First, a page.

Theatre and Movement
The artists Johannes Müller and Philine Rinnert have developed a musical theatre project titled “AIDS Follies” which explores the subject of AIDS and how it is perceived in society. The resulting “virus panorama”, as they call it, offers an alternative perspective to the conventional narratives and stereotypes related to HIV and its spread. Their project was inspired by the recent exoneration of the alleged “patient zero” Gaetan Dugas, a Canadian flight attendant who many had long believed to be the first person to spread HIV in the United States. Based on Gaetan Dugas, the project tells the story of the virus – not that of the art scene of the 1980s, the “Africans” or the “homosexuals”, but rather a story that marks a much larger chapter in the history of our civilisation, one in which new colonial metropolises and the combination of poor hygiene and mandatory vaccinations play a central role.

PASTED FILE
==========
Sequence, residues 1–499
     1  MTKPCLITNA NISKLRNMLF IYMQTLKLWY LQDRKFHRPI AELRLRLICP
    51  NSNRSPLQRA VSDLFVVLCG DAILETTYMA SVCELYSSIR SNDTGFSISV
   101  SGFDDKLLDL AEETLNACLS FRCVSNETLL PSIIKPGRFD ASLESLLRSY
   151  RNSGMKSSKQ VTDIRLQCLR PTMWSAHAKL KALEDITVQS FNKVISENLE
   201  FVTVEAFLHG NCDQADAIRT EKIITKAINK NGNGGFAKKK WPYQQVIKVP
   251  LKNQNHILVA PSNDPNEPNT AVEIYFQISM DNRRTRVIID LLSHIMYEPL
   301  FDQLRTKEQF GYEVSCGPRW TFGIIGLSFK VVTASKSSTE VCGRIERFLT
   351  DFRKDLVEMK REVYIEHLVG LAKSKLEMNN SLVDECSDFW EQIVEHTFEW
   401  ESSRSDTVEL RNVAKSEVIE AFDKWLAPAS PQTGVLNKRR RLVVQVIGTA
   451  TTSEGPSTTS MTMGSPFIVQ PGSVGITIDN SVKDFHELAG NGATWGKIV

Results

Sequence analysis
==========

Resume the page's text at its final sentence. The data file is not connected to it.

Aesthetically, “AIDS Follies” embraces the tradition of the political cabaret of the queer pop culture of the 1980s. The composer Genoël von Lilienstern is creating an original song cycle for the project. In composing this music, he incorporates footage and references to music which has some connection to the history of the virus: love songs from various decades, European and African arias, Cameroonian pop, colonial marches, porno sounds and the audio tracks of scientific educational films. In a succession of scenic and musical numbers, the musicians and performers condense and amplify the information, theories and legends which have formed around the virus. The life story of one individual and the global cultural history of HIV interweave to create a “panorama” which follows the development of the virus back to its very beginning.
Artistic directors: Johannes Müller, Philine Rinnert
Composer: Genoël von Lilienstern
Video artist: Benjamin Krieg
Playwright: Kenny Fries (US)
Research consultants: Kenny Fries (US), Michael Worobey (US), Jacqueline M. Achkar (US)
Venues and Dates:
Sophiensaele, Berlin: 2018; Theater Rampe, Stuttgart: 2018; Brut, Vienna: 2018